Anyone that knows me, knows that family is huge to me.
My kids, my wife, they drive me to be the best version of myself every single day. When I had my first child, my son Hudson, it only drove me to work harder. I was even more adamant about accomplishing my goals and providing for my family in every way that I could.
Those three people mean the world to me, but long before they were in my life I had someone else pushing me to be the best version of myself. My dad.
He has always been my hero and someone I’ve looked up to. I still remember watching him get ready for work. I would put on his shoes and carry his briefcase, pretending I was joining him in the office that day.
My dad has always meant the world to me and has always been my go to person for advice.
In high school, I struggled with what I wanted to do after graduation. College did not seem appealing to me.
Well, my dad convinced me to give it a try. See if it was for me and maybe I was just overthinking it. So, I gave it a try, and I hated it. Not even a week into community college I was ready to call it quits, I was convinced that wasn’t the path for me.
I went to my dad for advice again, and being the supportive father he is, he recommended an alternative, the Navy. He thought it would be a another great option so I trusted him and went for it.
No surprise, I wasn’t a fan. Boot Camp was certainly not my thing, but I sucked it up and tried to look at the positives. I was getting to travel the world, see new places, meet new people, and honestly I came home with lots of memories. At the time, I wasn’t grateful for the experience, but looking back on it now, it was one of the best decisions of my life.
After some time in the Navy I came home, and back to square one. I wasn’t going back to the Navy and still didn’t know what my next move would be, so I went to back to — you guessed it, my dad.
He wanted me to give college another go. I still wasn’t thrilled with the idea but rather reluctantly, I went back. My dad was right about the Navy in the long run, so couldn’t hurt to give college one more try. So I asked him what I should major in.
For not the first time, and definitely not the last time, I took some advice from my dad. He told me I should study Finance with an emphasis in Accounting, the language of business.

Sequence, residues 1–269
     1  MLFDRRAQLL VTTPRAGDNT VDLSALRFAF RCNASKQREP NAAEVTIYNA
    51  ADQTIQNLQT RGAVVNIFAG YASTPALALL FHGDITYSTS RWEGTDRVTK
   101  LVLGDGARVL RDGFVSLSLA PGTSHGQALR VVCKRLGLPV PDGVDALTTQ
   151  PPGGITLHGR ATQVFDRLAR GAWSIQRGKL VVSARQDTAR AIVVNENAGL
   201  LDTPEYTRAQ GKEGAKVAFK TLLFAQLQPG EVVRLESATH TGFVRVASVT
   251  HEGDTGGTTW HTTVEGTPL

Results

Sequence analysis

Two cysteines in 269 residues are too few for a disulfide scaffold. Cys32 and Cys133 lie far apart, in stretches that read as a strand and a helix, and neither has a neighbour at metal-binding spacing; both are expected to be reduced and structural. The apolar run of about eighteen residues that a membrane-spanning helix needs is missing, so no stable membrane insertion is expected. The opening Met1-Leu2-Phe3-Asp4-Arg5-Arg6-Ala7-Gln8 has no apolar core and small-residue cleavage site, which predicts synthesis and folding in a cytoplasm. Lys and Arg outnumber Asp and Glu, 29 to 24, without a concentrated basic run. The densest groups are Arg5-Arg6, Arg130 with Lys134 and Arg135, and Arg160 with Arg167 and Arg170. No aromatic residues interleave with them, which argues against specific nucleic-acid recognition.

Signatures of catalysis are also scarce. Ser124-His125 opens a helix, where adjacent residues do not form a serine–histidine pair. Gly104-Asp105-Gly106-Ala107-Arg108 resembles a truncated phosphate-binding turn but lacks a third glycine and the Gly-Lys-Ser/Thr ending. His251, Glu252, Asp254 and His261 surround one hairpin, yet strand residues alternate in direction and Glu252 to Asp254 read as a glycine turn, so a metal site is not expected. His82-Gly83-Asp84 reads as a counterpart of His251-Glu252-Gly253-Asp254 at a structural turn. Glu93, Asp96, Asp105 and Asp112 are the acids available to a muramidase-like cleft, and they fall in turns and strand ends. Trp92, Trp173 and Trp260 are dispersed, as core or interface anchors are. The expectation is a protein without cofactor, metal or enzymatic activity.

At first, I was hesitant, me a finance major? I literally was the kid who got C’s and D’s throughout my years in school and I cheated on most of my math test. So me? Studying finance for four years? I could hardly see it.
I trusted my dad, he had faith in me. He believed that I could do this, and having this degree could really help me out in the grand scheme of things. I went to Arizona State University, and studied finance.
Somewhere within my first few years of college I met up with a friend for lunch, his name was Jeremy. We had been friends for years and he had always been a bit on the wild side, he was the kid that used to pass out behind a dumpster after a long night of drinking.
When he pulled up in a brand new Mercedes I was surprised to say the least. How did he do it? Last time I had talked to him he was struggling to pay his bills. Of course, I asked him. Do you know what he told me?
He had invested in real estate. Jeremy flipped a house for $80K without money or credit. At the time, I was broke as could be so I went home and I researched for hours. I didn’t want to be stuck working for someone else, or struggling to pay bills. I wanted to be a real estate investor.
For once in my life, I was excited about my future career. I figured out my dream and knew real estate investing was the only way to go for me so I went to the person who I just had to tell first. My dad.
He was my hero so I immediately ran the idea by him and did not get the response I wanted. He quickly shot it down, he told me to “finish school, get a good corporate job, & work my way up the corporate ladder.” He told me real estate investing wasn’t for me.
I left that conversation feeling completely defeated. The person who I needed to back me, my #1 advice giver, my role model told me not to follow my dreams. I was devastated to say the least.
In this case, history did not repeat itself. I didn’t take his advice. I mean obviously I didn’t or else I wouldn’t be the Clever Investor. Anyways long story short, I went on to invest in real estate and found tons of success.
Eventually my dad had a change of heart, and he got behind me 100%, and now he’s my biggest supporter. Plus, now I’m his boss.
Moral of the story: Get advice from your mentors, follow the people you look up to BUT remember, at the end of the day, you have to live YOUR life and chase YOUR dreams.
You ultimately know what’s best for you so always check in with your number 1, yourself, and never forget that.
Take care comb your hair,
Cody Sperber out.
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